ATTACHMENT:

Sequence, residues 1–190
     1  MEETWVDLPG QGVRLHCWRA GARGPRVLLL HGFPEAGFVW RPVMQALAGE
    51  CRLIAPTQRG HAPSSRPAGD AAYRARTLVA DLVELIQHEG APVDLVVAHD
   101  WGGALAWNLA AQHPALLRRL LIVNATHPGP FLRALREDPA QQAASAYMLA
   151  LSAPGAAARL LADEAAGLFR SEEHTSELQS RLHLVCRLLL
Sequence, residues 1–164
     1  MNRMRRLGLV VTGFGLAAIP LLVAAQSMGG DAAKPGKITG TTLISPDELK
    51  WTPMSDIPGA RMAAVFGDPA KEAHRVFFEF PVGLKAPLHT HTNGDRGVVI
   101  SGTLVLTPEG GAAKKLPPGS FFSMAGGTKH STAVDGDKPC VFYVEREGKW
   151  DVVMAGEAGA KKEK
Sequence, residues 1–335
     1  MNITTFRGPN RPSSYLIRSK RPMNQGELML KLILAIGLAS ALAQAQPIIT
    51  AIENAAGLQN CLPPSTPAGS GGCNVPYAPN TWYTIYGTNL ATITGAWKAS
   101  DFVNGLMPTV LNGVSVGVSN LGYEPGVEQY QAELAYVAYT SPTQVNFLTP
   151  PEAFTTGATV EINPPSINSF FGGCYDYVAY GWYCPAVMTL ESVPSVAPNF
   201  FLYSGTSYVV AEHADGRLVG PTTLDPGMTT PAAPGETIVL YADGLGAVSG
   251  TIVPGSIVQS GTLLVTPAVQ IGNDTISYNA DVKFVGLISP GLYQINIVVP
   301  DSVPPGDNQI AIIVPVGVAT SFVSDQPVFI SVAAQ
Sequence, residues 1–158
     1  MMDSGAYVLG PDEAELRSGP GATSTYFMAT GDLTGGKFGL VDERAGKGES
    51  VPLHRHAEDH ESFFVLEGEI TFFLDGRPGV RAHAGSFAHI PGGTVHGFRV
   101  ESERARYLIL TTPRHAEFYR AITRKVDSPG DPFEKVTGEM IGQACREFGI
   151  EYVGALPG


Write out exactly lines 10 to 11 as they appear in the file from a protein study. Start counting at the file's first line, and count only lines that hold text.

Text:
   151  DVVMAGEAGA KKEK
Sequence, residues 1–335